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Monday, 21 December 2020 09:49

The Rising Stakes of Ransomware Attacks

By John Donovan, Managing Director, ANZ, Sophos

Guest Opinion: Ransomware is the defining cyber-attack of our era. Over the last two decades, threats have evolved from the worm era, which lasted from 2000-2004 and was characterised by software like the infamous ILOVEYOU, through to the monetisation era from 2005-2012, and now the age of ransomware.

COVID has definitely amplified ransomware attacks, with many vectors for the malware coming in phishing emails referencing the pandemic. But ransomware, and the tactics used by cybercriminals, is also evolving. Where criminals were once happy to gain access to a system, encrypt the data and demand a ransom, they’re now also extracting the data and holding it hostage.

This data theft means that ransom fees are rising, and many companies are paying up in a bid to avoid the regulatory scrutiny (along with associated fines and reputation loss) that comes with their data being stolen and then released publicly.

The rising cost of ransomware

Sophos’ recent 2021 Threat Report found ransom payouts are rising dramatically over the last twelve months. The report found that in Q4 2019 the average ransom payout was US$84,116. Jump forward three months and it had increased to US$111,605 for Q1 2020. If that’s not expensive enough, the average payout had risen a further US$66,649 by Q2 2020 and has hit a record figure of US$233,817 in the third quarter of this year.

The reason criminals are pushing the limits of what they can extort from victims is that they know how expensive downtime can be, and so they’re testing the upper limit of what they can extract in a ransomware attack.

They’re also well versed in the aforementioned fact that companies don’t want their precious data released into the wild. Cybercriminals know how much damage a data breach can cause to a company’s reputation and they’re charging accordingly. This additional social pressure turns the screws on the victims even more – especially on those who were undecided on whether to pay the ransom or not.

The blurring of criminals and nation-state actors

Our research discovered that distinct threat actor groups that engage in ransomware attacks are now collaborating closely with their peers in the criminal underground. In doing this, they’re starting to behave more like cybercrime cartels rather than independent groups.

Those cartels are also gaining access to tools developed by nation-states for cyberwarfare, and in doing so, blurring the line between crimes and countries. This makes it harder for organisations defending against cyberattacks to determine where the attack is coming from – is it a nation-state engaging in espionage, or is it a criminal group engaging in their usual activities? It’s becoming more and more difficult to know.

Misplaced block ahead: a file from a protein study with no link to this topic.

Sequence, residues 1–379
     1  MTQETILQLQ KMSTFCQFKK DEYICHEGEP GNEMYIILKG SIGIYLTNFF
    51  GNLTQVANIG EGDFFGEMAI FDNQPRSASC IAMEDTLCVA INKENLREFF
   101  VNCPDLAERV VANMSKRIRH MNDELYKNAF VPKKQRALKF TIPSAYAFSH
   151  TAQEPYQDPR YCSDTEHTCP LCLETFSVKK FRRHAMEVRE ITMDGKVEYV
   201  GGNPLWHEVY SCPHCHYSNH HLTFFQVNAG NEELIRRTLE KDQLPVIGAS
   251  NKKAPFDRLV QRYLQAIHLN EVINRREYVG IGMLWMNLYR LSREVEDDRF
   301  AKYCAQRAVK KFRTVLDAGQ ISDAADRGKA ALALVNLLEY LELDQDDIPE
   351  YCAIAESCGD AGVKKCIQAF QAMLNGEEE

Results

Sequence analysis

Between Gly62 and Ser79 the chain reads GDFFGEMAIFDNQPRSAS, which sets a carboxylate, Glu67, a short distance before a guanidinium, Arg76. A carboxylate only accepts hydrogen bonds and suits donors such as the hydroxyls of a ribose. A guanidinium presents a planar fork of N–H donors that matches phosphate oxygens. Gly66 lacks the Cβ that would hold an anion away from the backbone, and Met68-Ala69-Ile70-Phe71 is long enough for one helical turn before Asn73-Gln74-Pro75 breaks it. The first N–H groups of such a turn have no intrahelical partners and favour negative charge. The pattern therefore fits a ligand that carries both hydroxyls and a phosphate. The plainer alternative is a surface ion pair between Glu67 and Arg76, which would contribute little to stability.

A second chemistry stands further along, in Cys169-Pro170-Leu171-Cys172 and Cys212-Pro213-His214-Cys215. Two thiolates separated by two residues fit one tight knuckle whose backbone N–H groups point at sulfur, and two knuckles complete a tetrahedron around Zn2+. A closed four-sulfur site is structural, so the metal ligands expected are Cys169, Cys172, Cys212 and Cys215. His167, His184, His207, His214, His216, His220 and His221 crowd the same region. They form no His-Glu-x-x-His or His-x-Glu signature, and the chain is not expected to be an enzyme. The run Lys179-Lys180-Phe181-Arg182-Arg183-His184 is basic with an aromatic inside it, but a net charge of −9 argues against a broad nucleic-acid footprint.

Over the past year, Sophos’ analysts have seen ransomware organisations begin to settle on a common – and slowly growing – toolset to extract data from victims’ networks.

These utilities pose a grave threat because they’re well-known and appear to be legitimate pieces of software that anyone might have, and therefore won’t be detected by endpoint security products.

Criminals, when they extract data from a network, are also using commodity cloud services to hold the information they’ve stolen. When the data is exfiltrated from a victim’s network, the traffic, which is going to a service like Google Drive or Amazon S3, looks legitimate, making it even harder to detect that an attack is underway. This traffic is hard to spot since these are common network traffic destinations.

The amount of data they extract also doesn’t seem to be an issue with online crooks. That’s because directory structures are unique to each business and some file types can be compressed better than others. Our analysis has seen as little as 5GB and as much as 400GB of compressed data being stolen from a victim prior to the deployment of ransomware.

Local backups also fall victim

One of the best tactics to defeat a ransomware attack (but not one where the data is also stolen) is to have remote, offline backups that give businesses the ability to restore their data and get their businesses back up and running.

A new trend, however, is where a business has local servers connected to the network holding their backup data. Ransomware attackers, gaining access to the network, have started to hunt down these local backups and when they find them, they either delete them or independently encrypt them before exfiltrating the data and then encrypting it.

Ransomware is evolving to become the defining attack of our era. New techniques and strategies used by cybercriminals mean that they’re not only encrypting the data and holding it to ransom, but also extracting the data and threatening to release it publicly. This double whammy is a new attack, and it’s one that’s not easily defended against if a crook is able to gain access to the network in the first place.

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